So, in relation to the subject notepad in this post, I know what I’m willing to pay, however would certainly never assume to know what you, or anyone else should be willing to pay.

So by comparison, is the Yuga Letter Pad a significantly better experience?

For me personally? Absolutely yes. I’d even go further to say I would not have been surprised had it arrived at a $24.90 price point as opposed to the $19.90 it sits at currently. In the same breath, I would of course not necessarily enjoy paying more, however simply make this observation (at the same time imagining in my mind the good folk at Bookbinders saying: oh Peter, we’d never do that…)

Can that be quantified and applied to another user’s perspective? Perhaps, however quite a number of personal preferences and other factors would require accounting for with such an endeavour.

Then of course there is the far simpler: just go ahead and treat yourself approach. Certainly one I’ve been known to follow quite successfully. Far easier to do with a $20.00 notepad than a $200.00 pen of course (though admittedly — even easier with a $2.80 notepad…).

Having written about the more than capable and far cheaper Daiso Report Pad in a previous post, I still admire its ability for letter writing with a fountain pen at such a low price point. Of course in a blind side by side “what’s best” comparison, you’d pick the more expensive Yuga Letter Pad in an instant, however as I’ve alluded to above, that’s not the entire story.

Yes, the Yuga Letter Pad is definitely worth the money in my humble opinion, however at the end of the day, future letter-writing me will probably use both… or something else.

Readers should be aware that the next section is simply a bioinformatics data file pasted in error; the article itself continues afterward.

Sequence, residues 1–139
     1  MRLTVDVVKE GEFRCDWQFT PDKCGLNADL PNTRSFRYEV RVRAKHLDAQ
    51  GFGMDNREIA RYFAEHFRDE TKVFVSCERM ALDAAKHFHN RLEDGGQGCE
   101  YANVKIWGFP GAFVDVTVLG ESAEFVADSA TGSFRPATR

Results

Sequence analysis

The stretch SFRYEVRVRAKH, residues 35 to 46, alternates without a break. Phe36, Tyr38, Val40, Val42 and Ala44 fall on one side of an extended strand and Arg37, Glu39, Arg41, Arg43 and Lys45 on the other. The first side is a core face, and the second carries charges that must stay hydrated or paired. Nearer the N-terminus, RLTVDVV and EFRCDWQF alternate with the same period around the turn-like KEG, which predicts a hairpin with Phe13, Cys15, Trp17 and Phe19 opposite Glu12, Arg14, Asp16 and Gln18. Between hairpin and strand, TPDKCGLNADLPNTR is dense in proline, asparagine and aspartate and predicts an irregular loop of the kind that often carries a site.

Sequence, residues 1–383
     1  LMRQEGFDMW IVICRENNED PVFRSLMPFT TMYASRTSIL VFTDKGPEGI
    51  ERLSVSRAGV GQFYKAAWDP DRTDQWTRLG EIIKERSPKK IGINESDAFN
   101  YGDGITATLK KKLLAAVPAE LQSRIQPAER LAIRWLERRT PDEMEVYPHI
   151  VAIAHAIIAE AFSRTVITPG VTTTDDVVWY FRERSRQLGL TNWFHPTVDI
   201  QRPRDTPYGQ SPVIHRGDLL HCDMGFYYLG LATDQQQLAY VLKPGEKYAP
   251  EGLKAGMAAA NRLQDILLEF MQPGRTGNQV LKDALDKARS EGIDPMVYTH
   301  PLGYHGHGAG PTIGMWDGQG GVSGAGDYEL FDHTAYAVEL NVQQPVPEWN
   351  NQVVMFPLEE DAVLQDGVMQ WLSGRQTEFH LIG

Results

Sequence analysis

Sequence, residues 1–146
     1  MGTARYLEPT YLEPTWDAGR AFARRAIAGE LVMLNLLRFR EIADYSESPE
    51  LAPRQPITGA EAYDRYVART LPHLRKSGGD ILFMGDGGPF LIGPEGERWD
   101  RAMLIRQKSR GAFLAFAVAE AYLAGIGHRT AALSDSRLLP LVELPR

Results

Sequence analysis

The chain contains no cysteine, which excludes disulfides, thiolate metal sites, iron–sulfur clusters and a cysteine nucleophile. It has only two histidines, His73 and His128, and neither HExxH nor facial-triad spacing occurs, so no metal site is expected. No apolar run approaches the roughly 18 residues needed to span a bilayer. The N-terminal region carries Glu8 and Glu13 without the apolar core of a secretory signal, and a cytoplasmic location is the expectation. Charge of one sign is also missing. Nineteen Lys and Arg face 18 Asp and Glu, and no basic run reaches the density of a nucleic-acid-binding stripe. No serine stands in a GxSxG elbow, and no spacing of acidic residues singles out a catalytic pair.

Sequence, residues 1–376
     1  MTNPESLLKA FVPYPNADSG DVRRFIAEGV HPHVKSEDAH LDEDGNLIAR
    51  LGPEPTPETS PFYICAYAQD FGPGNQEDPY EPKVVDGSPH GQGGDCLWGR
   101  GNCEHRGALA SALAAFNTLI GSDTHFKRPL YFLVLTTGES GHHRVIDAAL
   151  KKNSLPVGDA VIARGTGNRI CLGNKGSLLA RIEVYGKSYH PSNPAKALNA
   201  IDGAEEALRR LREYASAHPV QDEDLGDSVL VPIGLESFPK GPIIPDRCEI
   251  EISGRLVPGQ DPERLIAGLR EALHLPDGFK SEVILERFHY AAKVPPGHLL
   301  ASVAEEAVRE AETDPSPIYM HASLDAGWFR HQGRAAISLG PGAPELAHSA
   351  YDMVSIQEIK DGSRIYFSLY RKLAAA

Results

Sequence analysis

After all, there will be plenty of correspondence written in the years to come, and no doubt I’ll test out plenty of other paper during that time as well. So to conclude things here and perhaps confound this entire section just a little: Masuya paper is my favourite paper — simple as that.

In use

As for the overall use case of note paper like this — you can probably take its title in the most literal sense. This will sit on my desk, be intermittently filled with words and sent to those good friends who receive letters from me from time to time. I don’t think I’m really going to provide any novel suggestions here — nor do you need any. It’s a letter writing pad, and is perfectly suited to precisely that task.

Whereas something like a Rhodia No. 16 notepad may suit equally well for general note taking, testing your new inks or more formal written correspondence, the Yuga Letter Pad appears to have a somewhat more defined role. Of course you could use it for anything you like. I mean let’s face it — pages torn from a spiral notebook will just as easily carry your words across the globe in an envelope.